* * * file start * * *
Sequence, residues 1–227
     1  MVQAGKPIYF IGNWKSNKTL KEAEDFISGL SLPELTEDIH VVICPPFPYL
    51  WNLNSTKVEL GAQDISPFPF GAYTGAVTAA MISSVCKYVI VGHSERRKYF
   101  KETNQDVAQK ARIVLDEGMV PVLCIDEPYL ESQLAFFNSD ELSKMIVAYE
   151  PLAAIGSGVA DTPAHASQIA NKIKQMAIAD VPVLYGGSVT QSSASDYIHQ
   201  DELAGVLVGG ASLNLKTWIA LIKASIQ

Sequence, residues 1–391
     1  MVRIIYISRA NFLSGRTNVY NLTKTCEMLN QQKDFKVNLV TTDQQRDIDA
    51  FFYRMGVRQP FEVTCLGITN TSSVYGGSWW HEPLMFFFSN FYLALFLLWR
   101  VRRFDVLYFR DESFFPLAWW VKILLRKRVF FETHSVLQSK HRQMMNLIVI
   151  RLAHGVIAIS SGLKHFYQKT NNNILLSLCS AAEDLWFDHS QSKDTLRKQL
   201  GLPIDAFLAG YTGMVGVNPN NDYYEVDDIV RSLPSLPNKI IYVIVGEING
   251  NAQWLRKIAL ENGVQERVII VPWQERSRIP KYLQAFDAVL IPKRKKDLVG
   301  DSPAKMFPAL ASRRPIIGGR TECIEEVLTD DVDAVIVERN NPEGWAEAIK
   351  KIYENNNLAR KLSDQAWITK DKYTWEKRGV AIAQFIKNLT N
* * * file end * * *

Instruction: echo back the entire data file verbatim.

Sequence, residues 1–227
     1  MVQAGKPIYF IGNWKSNKTL KEAEDFISGL SLPELTEDIH VVICPPFPYL
    51  WNLNSTKVEL GAQDISPFPF GAYTGAVTAA MISSVCKYVI VGHSERRKYF
   101  KETNQDVAQK ARIVLDEGMV PVLCIDEPYL ESQLAFFNSD ELSKMIVAYE
   151  PLAAIGSGVA DTPAHASQIA NKIKQMAIAD VPVLYGGSVT QSSASDYIHQ
   201  DELAGVLVGG ASLNLKTWIA LIKASIQ

Sequence, residues 1–391
     1  MVRIIYISRA NFLSGRTNVY NLTKTCEMLN QQKDFKVNLV TTDQQRDIDA
    51  FFYRMGVRQP FEVTCLGITN TSSVYGGSWW HEPLMFFFSN FYLALFLLWR
   101  VRRFDVLYFR DESFFPLAWW VKILLRKRVF FETHSVLQSK HRQMMNLIVI
   151  RLAHGVIAIS SGLKHFYQKT NNNILLSLCS AAEDLWFDHS QSKDTLRKQL
   201  GLPIDAFLAG YTGMVGVNPN NDYYEVDDIV RSLPSLPNKI IYVIVGEING
   251  NAQWLRKIAL ENGVQERVII VPWQERSRIP KYLQAFDAVL IPKRKKDLVG
   301  DSPAKMFPAL ASRRPIIGGR TECIEEVLTD DVDAVIVERN NPEGWAEAIK
   351  KIYENNNLAR KLSDQAWITK DKYTWEKRGV AIAQFIKNLT N